Offline reinforcement learning (offline RL) considers problems where learning is performed using only previously collected samples and is helpful for the settings in which collecting new data is costly or risky. In modelbased offline RL, the learner performs estimation (or optimization) using a model constructed according to the empirical transition frequencies. We analyze the sample complexity of vanilla modelbased offline RL with dependent samples in the infinitehorizon discountedreward setting. In our setting, the samples obey the dynamics of the Markov decision process and, consequently, may have interdependencies. Under no assumption of independent samples, we provide a highprobability, polynomial sample complexity bound for vanilla modelbased offpolicy evaluation that requires partial or uniform coverage. We extend this result to the offpolicy optimization under uniform coverage. As a comparison to the modelbased approach, we analyze the sample complexity of offpolicy evaluation with vanilla importance sampling in the infinitehorizon setting. Finally, we provide an estimator that outperforms the samplemean estimator for almost deterministic dynamics that are prevalent in reinforcement learning.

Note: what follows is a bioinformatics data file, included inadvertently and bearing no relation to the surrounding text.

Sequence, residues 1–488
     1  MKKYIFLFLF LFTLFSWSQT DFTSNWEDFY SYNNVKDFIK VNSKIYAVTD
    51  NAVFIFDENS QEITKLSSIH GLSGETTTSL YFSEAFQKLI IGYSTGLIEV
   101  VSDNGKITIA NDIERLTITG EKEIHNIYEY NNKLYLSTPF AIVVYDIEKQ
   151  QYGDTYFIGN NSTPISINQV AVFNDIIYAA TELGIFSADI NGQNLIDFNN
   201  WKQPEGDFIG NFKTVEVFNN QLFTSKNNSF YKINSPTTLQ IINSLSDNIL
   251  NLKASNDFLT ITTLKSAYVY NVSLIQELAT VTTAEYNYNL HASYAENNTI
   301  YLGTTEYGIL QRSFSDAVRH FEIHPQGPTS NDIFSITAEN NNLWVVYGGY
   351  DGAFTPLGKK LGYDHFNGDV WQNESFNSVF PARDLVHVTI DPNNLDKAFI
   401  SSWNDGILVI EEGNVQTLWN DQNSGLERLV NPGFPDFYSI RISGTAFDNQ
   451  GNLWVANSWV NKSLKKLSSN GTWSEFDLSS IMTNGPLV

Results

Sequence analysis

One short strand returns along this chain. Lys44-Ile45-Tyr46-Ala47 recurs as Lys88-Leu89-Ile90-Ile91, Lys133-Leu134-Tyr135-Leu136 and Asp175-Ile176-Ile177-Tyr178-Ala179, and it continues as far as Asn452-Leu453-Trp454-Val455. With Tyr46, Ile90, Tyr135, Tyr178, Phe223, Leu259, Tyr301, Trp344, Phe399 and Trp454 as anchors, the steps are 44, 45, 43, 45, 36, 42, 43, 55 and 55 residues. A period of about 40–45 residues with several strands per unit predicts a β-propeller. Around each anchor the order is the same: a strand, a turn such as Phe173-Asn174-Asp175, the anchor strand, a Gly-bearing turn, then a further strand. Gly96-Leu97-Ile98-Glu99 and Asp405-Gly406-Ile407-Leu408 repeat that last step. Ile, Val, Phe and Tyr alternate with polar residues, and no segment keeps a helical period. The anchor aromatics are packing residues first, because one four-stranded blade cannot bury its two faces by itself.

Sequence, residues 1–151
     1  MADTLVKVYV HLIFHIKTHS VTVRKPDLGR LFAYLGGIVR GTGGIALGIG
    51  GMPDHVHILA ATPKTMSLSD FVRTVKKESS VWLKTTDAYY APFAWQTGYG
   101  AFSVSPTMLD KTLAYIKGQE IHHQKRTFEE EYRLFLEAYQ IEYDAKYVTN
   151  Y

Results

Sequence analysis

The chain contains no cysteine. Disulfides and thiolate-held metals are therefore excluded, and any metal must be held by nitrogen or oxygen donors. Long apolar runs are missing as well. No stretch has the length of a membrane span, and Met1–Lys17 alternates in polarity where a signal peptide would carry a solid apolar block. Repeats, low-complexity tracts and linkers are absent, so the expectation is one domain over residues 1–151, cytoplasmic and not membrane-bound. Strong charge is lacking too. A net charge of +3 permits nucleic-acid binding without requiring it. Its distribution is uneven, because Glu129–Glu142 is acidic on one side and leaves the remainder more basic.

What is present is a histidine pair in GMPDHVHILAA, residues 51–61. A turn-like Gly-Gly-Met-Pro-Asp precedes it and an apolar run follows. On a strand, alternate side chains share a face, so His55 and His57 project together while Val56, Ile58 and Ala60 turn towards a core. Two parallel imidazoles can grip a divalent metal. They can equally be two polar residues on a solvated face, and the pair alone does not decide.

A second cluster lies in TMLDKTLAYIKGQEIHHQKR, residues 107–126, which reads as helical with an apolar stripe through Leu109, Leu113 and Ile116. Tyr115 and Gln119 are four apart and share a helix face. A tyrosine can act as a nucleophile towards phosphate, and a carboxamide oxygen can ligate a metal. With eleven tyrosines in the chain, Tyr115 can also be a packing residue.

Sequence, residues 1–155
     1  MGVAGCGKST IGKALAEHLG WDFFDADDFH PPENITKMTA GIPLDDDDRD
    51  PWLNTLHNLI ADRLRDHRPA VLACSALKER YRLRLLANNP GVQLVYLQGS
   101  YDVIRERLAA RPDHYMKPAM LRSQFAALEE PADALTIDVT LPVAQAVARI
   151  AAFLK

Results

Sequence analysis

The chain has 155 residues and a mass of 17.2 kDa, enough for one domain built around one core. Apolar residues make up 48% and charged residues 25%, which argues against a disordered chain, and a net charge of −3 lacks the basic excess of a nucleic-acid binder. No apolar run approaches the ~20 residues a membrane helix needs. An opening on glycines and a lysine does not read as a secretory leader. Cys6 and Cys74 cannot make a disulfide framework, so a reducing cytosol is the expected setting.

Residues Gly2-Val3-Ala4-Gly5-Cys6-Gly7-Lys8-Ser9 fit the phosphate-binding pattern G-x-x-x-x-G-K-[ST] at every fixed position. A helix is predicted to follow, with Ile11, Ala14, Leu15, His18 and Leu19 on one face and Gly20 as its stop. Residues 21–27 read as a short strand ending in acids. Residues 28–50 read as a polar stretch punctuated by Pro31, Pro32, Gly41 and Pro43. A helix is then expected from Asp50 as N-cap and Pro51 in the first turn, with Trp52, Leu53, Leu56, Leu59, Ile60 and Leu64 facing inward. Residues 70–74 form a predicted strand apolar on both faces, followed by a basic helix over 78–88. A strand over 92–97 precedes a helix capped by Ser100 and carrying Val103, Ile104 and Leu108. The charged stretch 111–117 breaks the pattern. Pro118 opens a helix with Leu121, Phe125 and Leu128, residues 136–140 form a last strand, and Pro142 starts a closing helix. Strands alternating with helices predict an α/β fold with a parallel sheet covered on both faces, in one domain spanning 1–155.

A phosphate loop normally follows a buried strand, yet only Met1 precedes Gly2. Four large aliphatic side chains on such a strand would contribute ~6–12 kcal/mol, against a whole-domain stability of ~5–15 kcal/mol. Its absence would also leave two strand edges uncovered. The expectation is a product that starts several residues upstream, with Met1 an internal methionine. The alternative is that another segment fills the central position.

Matni, Nikolai ; Morari, Manfred ; Pappas, George J (Ed.)Many dynamical systems—from robots interacting with their surroundings to largescale multiphysics systems—involve a number of interacting subsystems. Toward the objective of learning composite models of such systems from data, we present i) a framework for compositional neural networks, ii) algorithms to train these models, iii) a method to compose the learned models, iv) theoretical results that bound the error of the resulting composite models, and v) a method to learn the composition itself, when it is not known a priori. The end result is a modular approach to learning: neural network submodels are trained on trajectory data generated by relatively simple subsystems, and the dynamics of more complex composite systems are then predicted without requiring additional data generated by the composite systems themselves. We achieve this compositionality by representing the system of interest, as well as each of its subsystems, as a portHamiltonian neural network (PHNN)—a class of neural ordinary differential equations that uses the portHamiltonian systems formulation as inductive bias. We compose collections of PHNNs by using the system’s physicsinformed interconnection structure, which may be known a priori, or may itself be learned from data. We demonstrate the novel capabilities of the proposed framework through numerical examples involving interacting springmassdamper systems. Models of these systems, which include nonlinear energy dissipation and control inputs, are learned independently. Accurate compositions are learned using an amount of training data that is negligible in comparison with that required to train a new model from scratch. Finally, we observe that the composite PHNNs enjoy properties of portHamiltonian systems, such as cyclopassivity—a property that is useful for control purposes.more » « less